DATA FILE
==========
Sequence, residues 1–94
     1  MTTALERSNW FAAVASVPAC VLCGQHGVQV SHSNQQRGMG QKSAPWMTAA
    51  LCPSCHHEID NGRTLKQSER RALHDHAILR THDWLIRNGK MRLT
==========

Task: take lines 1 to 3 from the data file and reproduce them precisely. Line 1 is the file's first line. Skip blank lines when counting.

Sequence, residues 1–94
     1  MTTALERSNW FAAVASVPAC VLCGQHGVQV SHSNQQRGMG QKSAPWMTAA
    51  LCPSCHHEID NGRTLKQSER RALHDHAILR THDWLIRNGK MRLT